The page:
Immediately after forming the electrical conductor 5, electroplating was conducted to form the copper film. The electroplating was conducted by using the composition of the plating bath and the plating conditions which were the same as those used in Example 1. The maximum thickness of the plated copper film in the area formed with the surface irregularities was 10 μm, and the maximum thickness of the plated copper film of the area formed with no surface irregularities was 0.33 μm. and the ratio H1/H2 of the film thickness shown in FIG. 12 was 30. As indicated by such results, a metal structure having a metal film preferentially formed in the area provided with the surface irregularities could be produced.
  • EXAMPLE 8
  • [0064]
    An electric insulator substrate 3 comprising polyimide resin was used. Surface of the polyimide resin as shown in FIG. 8A was roughened by using a mixed solution of chromic acid and sulfuric acid to form the surface irregularities as shown in FIG. 8B. When the surface roughness of the area formed with the surface irregularities was measured, the arithmetic average roughness Ra defined by JIS B0601 was 1.2 μm, and the mean spacing of the profile elements RSm also defined by JIS B0601 was 0.8 μm. Next, as shown in FIG. 8C, the electric insulator substrate 3 was partly covered with an electric insulator 6 comprising a photocurable resin by screen printing, and the resin was cured to flatten the surface irregularities. When the area where the surface irregularities had been flattened by filling the resin was evaluated for the surface roughness, the arithmetic average roughness Ra defined by JIS B0601 was 0.006 μm, and the mean spacing of the profile elements RSm also defined by JIS B0601 was 9 μm.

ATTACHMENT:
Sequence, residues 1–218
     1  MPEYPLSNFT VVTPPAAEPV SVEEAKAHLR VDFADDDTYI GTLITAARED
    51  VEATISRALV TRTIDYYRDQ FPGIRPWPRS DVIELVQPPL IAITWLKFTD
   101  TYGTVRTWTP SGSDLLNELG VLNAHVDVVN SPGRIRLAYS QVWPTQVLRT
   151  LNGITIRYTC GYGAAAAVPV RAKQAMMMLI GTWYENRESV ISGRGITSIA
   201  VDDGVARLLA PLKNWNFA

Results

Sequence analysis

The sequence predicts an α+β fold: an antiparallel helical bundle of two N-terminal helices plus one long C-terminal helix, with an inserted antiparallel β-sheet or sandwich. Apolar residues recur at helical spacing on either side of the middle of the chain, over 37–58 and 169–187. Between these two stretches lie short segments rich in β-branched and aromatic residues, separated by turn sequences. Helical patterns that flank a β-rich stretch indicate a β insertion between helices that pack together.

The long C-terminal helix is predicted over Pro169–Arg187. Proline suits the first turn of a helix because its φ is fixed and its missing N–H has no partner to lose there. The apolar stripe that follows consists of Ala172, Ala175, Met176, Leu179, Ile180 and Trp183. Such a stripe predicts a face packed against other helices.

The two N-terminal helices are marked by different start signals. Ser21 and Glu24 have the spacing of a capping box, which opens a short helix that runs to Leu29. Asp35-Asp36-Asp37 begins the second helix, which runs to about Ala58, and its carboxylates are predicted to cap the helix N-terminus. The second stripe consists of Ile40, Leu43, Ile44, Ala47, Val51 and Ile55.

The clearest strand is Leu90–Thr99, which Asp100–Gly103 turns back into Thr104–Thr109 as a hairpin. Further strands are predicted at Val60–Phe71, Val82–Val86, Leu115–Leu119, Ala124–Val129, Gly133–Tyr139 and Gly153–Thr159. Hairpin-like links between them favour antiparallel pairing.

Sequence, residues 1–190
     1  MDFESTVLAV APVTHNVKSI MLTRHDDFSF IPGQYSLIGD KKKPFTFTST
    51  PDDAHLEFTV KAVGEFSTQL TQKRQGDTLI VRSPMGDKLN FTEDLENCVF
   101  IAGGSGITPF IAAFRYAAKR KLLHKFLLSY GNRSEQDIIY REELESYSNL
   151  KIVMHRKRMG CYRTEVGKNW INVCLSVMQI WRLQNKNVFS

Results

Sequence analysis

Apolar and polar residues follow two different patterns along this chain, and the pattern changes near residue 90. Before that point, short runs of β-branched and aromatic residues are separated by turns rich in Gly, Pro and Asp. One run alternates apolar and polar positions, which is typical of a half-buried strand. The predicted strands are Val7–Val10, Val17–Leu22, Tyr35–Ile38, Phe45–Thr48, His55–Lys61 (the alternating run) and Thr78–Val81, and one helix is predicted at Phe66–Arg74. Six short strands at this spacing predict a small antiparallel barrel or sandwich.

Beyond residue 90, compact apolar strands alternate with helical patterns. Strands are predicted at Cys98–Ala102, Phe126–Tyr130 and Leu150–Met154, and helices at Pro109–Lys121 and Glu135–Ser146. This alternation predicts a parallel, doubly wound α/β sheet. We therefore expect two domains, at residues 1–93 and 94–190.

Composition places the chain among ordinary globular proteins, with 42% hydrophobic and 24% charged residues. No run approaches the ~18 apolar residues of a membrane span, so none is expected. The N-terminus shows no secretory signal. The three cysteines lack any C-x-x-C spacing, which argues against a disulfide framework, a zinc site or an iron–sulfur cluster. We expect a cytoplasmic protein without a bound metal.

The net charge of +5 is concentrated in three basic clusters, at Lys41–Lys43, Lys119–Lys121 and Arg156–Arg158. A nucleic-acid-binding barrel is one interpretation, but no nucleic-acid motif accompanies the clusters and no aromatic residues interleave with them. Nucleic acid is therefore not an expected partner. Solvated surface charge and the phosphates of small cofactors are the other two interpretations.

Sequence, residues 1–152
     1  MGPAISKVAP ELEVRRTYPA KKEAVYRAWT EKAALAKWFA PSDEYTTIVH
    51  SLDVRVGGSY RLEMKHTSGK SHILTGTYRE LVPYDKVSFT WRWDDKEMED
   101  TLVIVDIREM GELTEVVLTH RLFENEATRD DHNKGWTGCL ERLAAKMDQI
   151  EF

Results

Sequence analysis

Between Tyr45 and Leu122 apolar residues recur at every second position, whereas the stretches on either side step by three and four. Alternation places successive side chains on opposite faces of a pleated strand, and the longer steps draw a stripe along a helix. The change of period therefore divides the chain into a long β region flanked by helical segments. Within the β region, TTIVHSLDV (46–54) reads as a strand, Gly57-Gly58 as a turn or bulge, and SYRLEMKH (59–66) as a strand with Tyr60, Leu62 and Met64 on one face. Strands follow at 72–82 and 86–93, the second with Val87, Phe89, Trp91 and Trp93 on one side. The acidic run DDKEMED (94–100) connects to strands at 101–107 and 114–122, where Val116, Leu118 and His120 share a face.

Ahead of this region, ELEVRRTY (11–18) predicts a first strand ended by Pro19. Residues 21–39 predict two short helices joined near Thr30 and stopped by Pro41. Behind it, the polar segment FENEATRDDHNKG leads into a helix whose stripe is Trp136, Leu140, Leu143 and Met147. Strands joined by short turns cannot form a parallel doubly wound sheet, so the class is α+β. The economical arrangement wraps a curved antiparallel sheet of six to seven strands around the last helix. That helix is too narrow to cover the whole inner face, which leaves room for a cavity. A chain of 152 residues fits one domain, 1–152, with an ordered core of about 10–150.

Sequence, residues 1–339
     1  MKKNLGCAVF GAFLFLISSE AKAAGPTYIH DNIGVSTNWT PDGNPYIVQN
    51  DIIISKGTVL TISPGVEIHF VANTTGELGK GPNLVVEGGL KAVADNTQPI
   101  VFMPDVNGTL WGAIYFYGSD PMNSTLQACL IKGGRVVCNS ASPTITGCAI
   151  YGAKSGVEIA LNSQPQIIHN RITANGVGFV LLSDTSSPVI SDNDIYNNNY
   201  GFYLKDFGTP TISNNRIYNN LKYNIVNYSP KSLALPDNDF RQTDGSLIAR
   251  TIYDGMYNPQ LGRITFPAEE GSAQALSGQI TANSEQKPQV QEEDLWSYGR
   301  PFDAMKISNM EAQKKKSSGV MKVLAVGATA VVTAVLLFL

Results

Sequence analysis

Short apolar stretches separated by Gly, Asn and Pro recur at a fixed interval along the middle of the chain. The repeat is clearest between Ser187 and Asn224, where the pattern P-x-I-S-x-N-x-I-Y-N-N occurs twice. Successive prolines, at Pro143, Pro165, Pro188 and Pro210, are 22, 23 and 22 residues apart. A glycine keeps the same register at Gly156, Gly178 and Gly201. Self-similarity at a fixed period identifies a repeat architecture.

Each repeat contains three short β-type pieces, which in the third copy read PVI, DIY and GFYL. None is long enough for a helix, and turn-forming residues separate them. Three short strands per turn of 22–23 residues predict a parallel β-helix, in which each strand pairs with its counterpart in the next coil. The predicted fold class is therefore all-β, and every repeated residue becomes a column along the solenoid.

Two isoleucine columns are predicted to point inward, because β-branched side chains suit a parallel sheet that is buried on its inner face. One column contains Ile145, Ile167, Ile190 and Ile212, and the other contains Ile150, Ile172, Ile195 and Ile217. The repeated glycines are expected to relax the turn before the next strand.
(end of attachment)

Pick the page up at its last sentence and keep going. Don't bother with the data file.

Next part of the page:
• [0065]
    Next, a nickel/chromium film having a nickel to chromium ratio of 1:1 was formed to a thickness of 10 nm by sputtering on the electric insulator substrate 3 in the area having the surface irregularities, and a copper film of 100 nm was then formed on the nickel/chromium film by vapor deposition to thereby form the electrical conductor 5 comprising the nickel/chromium film and the copper film as shown in FIG. 8D. When the surface irregularities after the forming of the electrical conductor 5 were evaluated for the surface roughness, the arithmetic average roughness Ra defined by JIS B0601 was 1.2 μm, and the mean spacing of the profile elements RSm also defined by JIS B0601 was 0.8 μm, indicating that the shape of the surface irregularities of the electric insulator substrate 3 had been maintained by the electrical conductor 5.
  • [0066]
    Immediately after forming the electrical conductor 5, electroplating was conducted to form the plated copper film as shown in FIG. 8E. The electroplating was conducted by using the composition of the plating bath and the plating conditions which were the same as those used in Example 1. Maximum thickness of the plated copper film in the area formed with surface irregularities was 15 μm, and 0.55 μm in the area formed with no surface irregularities. The ratio H1/H2 of the film thickness shown in FIG. 12 was 27. As a consequence, a metal structure having a metal film could be preferentially formed in the area provided with the surface irregularities.
  • EXAMPLE 9
  • [0067]
    A metal structure having the configuration of FIG. 9A was produced by repeating the procedure of Example 1 except that the substance used was the one indicated in Table 4. Next, the copper film of the part having no surface irregularities was removed by using a copper etchant (MECBRITE manufactured by MEC Company Ltd.) to thereby produce the cross section as shown in FIG. 9B. As a consequence, a metal structure comprising the nickel film and the overlying plated copper film could be produced.
  • EXAMPLE 10
  • [0068]
    A metal structure was produced by repeating the procedure of Example 1 except that the additive used was the one indicated in Table 4. Cross section of the metal substrate is shown in FIG. 10A, which is the same as FIG. 5D. Next, the copper film in the area having no surface irregularities was removed by using an aqueous solution containing sulfuric acid and hydrogen peroxide to realize the state as shown in FIG. 10B. The electrical conductor 5 comprising the nickel/chromium film and the copper film was removed by using an aqueous solution containing potassium permanganate to realize the state as shown FIG. 10C. As a consequence, a metal structure could be produced in the predetermined part of the electric insulator substrate having the surface irregularities.
  • EXAMPLE 11
  • [0069]